Juno Temple and Kay Panabaker wade through writer-director Elgin James’ coming-of-age clichés in this tired indie
You know those creative-writing exercises where students are given three random items — say, a bugle, a beaded dress and the word “avoirdupois” — and then assigned to work them all into a short story? “Little Birds” gives the impression that someone told writer-director Elgin James, “OK, you’ve got the crumbling neighborhoods by the Salton Sea and a burned-out East L.A. motel. Go!”
Those sets ring truer than any of the characters who inhabit them, since James has turned out a listlessly trite tale of two small-town girls from broken homes whose friendship is tested when they venture out into the big, bad world on their own. The result feels like one of those After-School Specials of yore, only with an R rating.
Fifteen-year-olds Lily (Juno Temple, apparently going for a trailer-park trifecta on the heels of “Dirty Girl” and “Killer Joe”) and Alison (Kay Panabaker) are best pals stuck in a town that’s literally rotting away. (The Salton Sea was designed to be a retreat for the rich, but environmental conditions have rendered it nearly uninhabitable.) We know Lily is dying to get out by the way she screams at the top of her lungs while riding on the back of Alison’s bike.
Local adults like Lily’s mom (Leslie Mann) and aunt (Kate Bosworth) seem like they too have been devoured by their town’s famously oversalinated body of water, so when skateboarder Jesse (Kyle Gallner) — in town from L.A. for the day to take advantage of the empty pools behind so many abandoned houses — gives Lily his number, it’s only a matter of time before she sees him as her ticket out of town.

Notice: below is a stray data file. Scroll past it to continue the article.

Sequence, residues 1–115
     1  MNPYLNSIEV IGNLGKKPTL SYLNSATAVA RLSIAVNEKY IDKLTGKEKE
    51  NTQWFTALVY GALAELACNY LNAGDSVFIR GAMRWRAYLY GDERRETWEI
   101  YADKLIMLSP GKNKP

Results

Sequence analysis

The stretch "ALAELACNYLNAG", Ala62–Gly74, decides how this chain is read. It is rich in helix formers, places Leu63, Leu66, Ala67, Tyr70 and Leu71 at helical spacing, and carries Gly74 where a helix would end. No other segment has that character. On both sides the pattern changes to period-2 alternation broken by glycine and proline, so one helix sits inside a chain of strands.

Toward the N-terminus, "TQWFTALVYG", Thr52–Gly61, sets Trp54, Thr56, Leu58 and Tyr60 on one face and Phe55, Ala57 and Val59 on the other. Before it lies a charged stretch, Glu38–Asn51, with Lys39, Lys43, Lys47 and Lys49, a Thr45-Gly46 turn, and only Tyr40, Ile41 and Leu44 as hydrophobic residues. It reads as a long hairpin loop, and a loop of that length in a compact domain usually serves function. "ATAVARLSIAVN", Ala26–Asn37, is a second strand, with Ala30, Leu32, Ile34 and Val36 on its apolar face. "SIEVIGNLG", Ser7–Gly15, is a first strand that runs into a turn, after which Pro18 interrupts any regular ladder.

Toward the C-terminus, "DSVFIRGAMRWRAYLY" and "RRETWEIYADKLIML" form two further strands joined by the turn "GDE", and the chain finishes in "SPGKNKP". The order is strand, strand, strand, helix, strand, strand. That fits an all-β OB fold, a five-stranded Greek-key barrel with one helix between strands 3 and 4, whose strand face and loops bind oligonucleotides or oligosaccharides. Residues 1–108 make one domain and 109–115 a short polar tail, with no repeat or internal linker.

When a reluctant Alison drives Lily to Los Angeles, they discover that Jesse and his friends are actually homeless, holing up in an abandoned motel, and soon the girls get drawn into the boys’ world of petty crime. Will Lily’s desperate need for love and affirmation lead her to turn her back on the devoted Alison?
First-timer James has somehow put together a first-rate cast (which also includes Neal McDonough, Chris Coy and Joel McKinnon Miller), but so much of what he’s written for them is nothing you haven’t seen in dozens of other “I-gotta-get-out-of-this-town” movies. For every moment that feels fresh (Jesse shows Lily the house where his family used to live before it was foreclosed), far too much of “Little Birds” feels like the same-old, same-old.
Temple can, by this point, play the role in her sleep — and she kind of does. There aren’t any glaring missteps from her, but neither are the jolts of inventiveness she’s brought to so many of her recent performances. And despite her best efforts, Panabaker can’t turn Alison into anything but the good girl/voice of reason, which is pretty thankless duty.
There’s an inescapable sense of condescension about the small-town stuff here, while the urban adventures smack of too many self-consciously earnest indies about young people and their struggles. For all the polish provided by the talented cast, this remains an avian turd all the same.